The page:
The Haunting History Of Hoeffner's Corner Bill Knell

Like most places in America, Long Island has slowly lost its personality and soul to any number of franchise fast food restaurants, big box stores and gated communities. For better or worse, the latest generation of kids to grow up there are unlikely to experience the kind of joining of spirit that Long Islanders of past generations enjoyed with the Island and its history. Our upwardly mobile and constantly relocating society seems bent on forbidding children from bonding with any one place the way I did with the East Meadow of forty years ago.

Before you needed a permit to go to the beach at night or had to earn a six-figure salary to qualify for Nassau County residency, Long Island was a great place to live. It was the kind of place where people worked hard, played hard, banded together for the common good and enjoyed their lives. More importantly, each town or village had a distinct personality. That personality was often defined by history, landmarks, movie theaters, local stores and schools.

Most anyone who grew up on the Long Island of the last century was well aware of their town’s local history and was often defined by where they lived. For me, East Meadow was home. That immediately labeled me as a person from mid island and identified me as a kid likely born to someone who bought a house there after World War II. Few people thought of kids like me as true natives of the Island. That status always seemed to have been reserved for those who were born and grew up on the North Shore or around the Hamptons. Despite my newbie status, I discovered and embraced the history and personality of East Meadow.

My first memories of the place are still preserved on some old color films shot by my parents. It was all about space and that‘s what you saw when my dad panned his 8mm camera 360 degrees from our property to anything else that might come into view. Ours was the first house on what had been apple orchards and farm land just a short time before. A huge apple tree that remained in our yard for many years was proof of that. I enjoyed many a delicious homemade apple pie courtesy of that tree and my mother’s love for cooking.

It was hard to believe how fast things changed. Open spaces quickly gave way to houses, schools and shops. Even as that happened, a few of the older structures that had previously helped to define the area remained. One of those structures was a place we called the old Hoeffner House. It was located near what would today be East Meadow and Prospect Avenues. Most of us called the place Hoeffner’s Corner. That’s because the guy who owned that property was named Hoeffner. He ran what looked like a construction business of some sort and always had a bunch of equipment lying around. While I didn’t know much about him, my father and many others in that business respected him and he kept his property well maintained.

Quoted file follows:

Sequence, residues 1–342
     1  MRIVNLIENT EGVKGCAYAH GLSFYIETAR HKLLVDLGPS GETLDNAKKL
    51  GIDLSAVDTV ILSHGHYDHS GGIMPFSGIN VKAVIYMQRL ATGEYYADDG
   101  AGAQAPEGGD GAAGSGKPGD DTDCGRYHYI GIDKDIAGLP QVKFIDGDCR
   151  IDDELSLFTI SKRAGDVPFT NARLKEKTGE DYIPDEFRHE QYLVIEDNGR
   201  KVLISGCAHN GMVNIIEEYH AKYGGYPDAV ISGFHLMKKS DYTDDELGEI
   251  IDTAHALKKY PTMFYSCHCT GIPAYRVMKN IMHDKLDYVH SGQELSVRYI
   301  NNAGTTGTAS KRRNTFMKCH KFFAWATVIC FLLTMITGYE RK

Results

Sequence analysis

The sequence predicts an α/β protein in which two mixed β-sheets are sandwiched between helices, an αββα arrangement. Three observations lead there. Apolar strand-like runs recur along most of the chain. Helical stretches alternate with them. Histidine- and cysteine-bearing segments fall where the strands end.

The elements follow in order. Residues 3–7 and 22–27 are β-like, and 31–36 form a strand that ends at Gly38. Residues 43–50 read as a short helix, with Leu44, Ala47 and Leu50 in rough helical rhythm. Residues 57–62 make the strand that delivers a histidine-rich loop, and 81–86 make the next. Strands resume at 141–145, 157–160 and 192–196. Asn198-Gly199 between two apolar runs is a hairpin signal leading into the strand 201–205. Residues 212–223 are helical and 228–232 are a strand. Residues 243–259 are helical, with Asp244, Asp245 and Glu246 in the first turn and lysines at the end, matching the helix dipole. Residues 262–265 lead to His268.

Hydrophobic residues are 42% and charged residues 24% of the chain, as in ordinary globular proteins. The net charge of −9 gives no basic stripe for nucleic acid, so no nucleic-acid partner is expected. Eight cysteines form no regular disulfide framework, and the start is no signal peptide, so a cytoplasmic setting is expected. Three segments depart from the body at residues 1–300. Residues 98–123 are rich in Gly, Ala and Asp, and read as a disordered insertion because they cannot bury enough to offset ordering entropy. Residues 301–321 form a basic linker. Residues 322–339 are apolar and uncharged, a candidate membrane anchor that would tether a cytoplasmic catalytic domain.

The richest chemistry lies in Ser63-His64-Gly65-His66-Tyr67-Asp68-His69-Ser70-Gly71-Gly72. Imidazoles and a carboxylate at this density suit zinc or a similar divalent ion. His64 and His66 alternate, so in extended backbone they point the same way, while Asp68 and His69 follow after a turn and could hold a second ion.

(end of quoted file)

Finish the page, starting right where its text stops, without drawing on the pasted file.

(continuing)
The house on Hoeffner’s Corner came with a lot of history and its fair share of legends. The most famous was that George Washington had slept there during the Revolutionary War. The problem with that story was that the original structure had been built in the 1840’s. There may have been and probably was a structure there before that, but it‘s unlikely that our first President ever darkened that doorway. This turned out to be a silly notion created by children who attended a school that once sat on the property where the East Meadow Public Library now exists. Most who attended that school agree that the legend was created to annoy teachers who were often unable to confirm or refute the story, being unsure about the actual age of the building.

The Hoeffner property was at a crossroads defined by what some locals claim had been old Indian and Trapper Trails that stretched all the way from Brooklyn to the South Shore and points east. Given the location, it is certainly possible that some Revolutionary War participants made use of whatever facilities existed there at the time. The corner has always been a great location for commerce of almost any kind and would have been a terrific place for an inn or general store in the days when roads were just well defined trails.